The second update of the indicator of fish catches below legal sizes was made in the Putumayo and Amazon basins, based on the continuous records owned by the Sinchi Institute; 2004 data was also linked. In general terms, the results of this update continues to show an overall increase in the negative impact of fishing for the Amazon River, which went from 33% in 2002 to 52% in 2004 and in 2006 reached 63%, which maintains it in the category of high impacted resource. While in the Putumayo basin, the values remained relatively constant (Figure 29).

When data for the years 2004 to 2006 is analyzed on a year to year basis, the trend of alarming growth of the indicator for the Amazon River and the fluctuations that occurred in the Putumayo River can be seen (Figure 30).

In order to be able to discern the fluctuation in the behavior of the average sizes of catch in comparison with the legal sizes, it is necessary to take into account the fishing gear and their selectivity with respect to the size of the fish that fall into them.

The most common fishing gears can be grouped into lines (ropes) and nets, whose difference in use between one group and another is given especially by the geoforms of the riverbed in each location, the cost of the rigs and their operation, as well as the process of demand and commercialization of the catfish. For the Putumayo basin the most used and most representative arts are those that are grouped as ropes, which is why the bulk of the individuals captured within these gears are found, and for the Amazon, most of the catches are made with nets, except for The Simi that´s captured with hand lines with small hooks. A base of the catch averages of these groups for the main species of catfish can be summarized in the following table:

Of the 11 species reviewed in the 2004 update, 9 were able to be analyzed in the Amazon River and 5 in the Putumayo (which had not been updated since 2000). At the same time, species that had a high negative impact continued in that position for the Amazon, while others went from medium to high impact and vice versa; and species with low impact appeared more affected (Figure 31).

In the case of Putumayo, there was an increase in the negative pressure on catfish fishing analyzed with respect to the last decade, with the exception of Ajuar for which fishing has had a low negative impact on the region; for the other species, the number of records did not allow for the update of the indicator (Figure 32).

For the Amazon basin, the catches of dorado near Leticia corresponded to adult specimens, especially to females that increase the average values of the length of capture. But when considering the samples of individuals captured long distances from Leticia (300 - 500 km downstream), which are stored in Leticia collection centers, these figures decrease. Therefore we can state that the dynamics of local fishing does not generate major negative impacts for this catfish, but the processes of regional demand and commercialization along the Amazon River mean that fishery as a whole negatively impacts this resource.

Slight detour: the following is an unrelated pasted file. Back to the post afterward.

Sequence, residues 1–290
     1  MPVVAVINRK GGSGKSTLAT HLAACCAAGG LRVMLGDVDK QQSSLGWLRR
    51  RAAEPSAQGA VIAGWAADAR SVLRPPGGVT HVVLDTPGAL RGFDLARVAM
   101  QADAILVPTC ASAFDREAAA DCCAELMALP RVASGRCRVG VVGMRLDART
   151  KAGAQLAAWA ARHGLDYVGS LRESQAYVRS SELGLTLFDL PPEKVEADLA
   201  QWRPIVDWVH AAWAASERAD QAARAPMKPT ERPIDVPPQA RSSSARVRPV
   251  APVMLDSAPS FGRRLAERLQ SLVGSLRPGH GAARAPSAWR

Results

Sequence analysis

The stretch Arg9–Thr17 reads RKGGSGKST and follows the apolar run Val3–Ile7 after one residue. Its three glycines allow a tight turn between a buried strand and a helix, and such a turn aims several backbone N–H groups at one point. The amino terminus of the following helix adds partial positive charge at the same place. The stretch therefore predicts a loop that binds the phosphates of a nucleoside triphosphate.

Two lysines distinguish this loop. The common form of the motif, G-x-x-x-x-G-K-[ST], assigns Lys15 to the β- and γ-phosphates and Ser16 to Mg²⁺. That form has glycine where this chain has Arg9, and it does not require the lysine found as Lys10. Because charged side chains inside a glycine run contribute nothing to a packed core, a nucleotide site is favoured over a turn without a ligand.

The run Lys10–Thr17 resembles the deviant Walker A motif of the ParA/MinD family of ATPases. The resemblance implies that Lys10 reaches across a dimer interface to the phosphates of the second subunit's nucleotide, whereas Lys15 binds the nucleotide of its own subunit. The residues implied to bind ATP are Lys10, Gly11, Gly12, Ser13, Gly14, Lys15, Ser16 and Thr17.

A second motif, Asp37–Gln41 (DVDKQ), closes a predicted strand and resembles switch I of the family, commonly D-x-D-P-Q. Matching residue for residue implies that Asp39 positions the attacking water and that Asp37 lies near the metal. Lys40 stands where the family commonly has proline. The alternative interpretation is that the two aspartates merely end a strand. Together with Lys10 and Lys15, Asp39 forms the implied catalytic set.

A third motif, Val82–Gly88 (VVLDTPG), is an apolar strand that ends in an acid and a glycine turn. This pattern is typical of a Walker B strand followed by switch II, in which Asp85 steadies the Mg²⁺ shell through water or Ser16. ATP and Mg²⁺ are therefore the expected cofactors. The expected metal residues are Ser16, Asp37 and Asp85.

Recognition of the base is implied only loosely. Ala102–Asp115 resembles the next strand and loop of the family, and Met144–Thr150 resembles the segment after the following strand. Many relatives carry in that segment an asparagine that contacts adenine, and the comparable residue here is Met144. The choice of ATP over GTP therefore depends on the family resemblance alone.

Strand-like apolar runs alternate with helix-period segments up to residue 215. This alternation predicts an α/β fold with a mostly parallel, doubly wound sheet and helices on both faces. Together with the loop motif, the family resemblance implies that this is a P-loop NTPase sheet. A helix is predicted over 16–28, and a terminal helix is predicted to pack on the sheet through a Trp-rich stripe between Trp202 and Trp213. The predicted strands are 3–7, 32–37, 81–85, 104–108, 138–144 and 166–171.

The case of Goslinia platynema in both rivers, reflects the apprehension of small animals that generates smaller sizes, captured with hooks. The decrease in average sizes is due to a greater presence of males, which, being smaller, reduce the average size. But it is clear that in both basins the pressure increased.

The situation of Pseudoplatystoma fasciatum, one of the two species of pintadillos that in Amazonia have become the most commercialized resource, followed by dorado, is worrisome. Although for the Amazon basin there was a slight decrease in the negative percentage of the high impact on the species, unfortunately for the Putumayo River this harmful result increased.

The simi is a species that has been consolidated as a catfish of high commercial importance with annual increases since 1998 and is currently the fourth most commercialized and one to which permanent efforts to capture are devoted. Given its high voracity that makes it easy prey and the fishing process using small hooks and even with hands, the proportion of animals captured of small size is very high, which is reflected in the negative evolution of the size indicator for both rivers .

It can not be ignored that the enormous demand for pintadillos and simí, which are quite similar to the pintadillos and capacetas of the Magdalena basin and therefore the different strategies used to capture these species in different environments, have been negatively affecting these species.

Without ignoring the socio-economic importance of fishing in the Amazon, the immediate processes of fishery management and its applicability should lean towards the ratification and / or adjustment of the current permitted catch sizes, as well as to specify the gear that can be used in fishing, according to their selectivity for the species and the sex of the individuals.

But the future of the activity and the perpetuation of species will not depend only on the fisheries management through sizes. In that order, we should be aware that commercial fishery collects migratory species that spend part of their life cycles in the border areas. Thus, the recommendations of the various scientific studies conducted on catfish fishing have an effect, the entities in charge of the management of the fishery resource should lean towards a balanced and equitable regional regulation on the part of the border countries (Colombia, Brazil and Peru), that ensure their sustainability, profitability and competitiveness.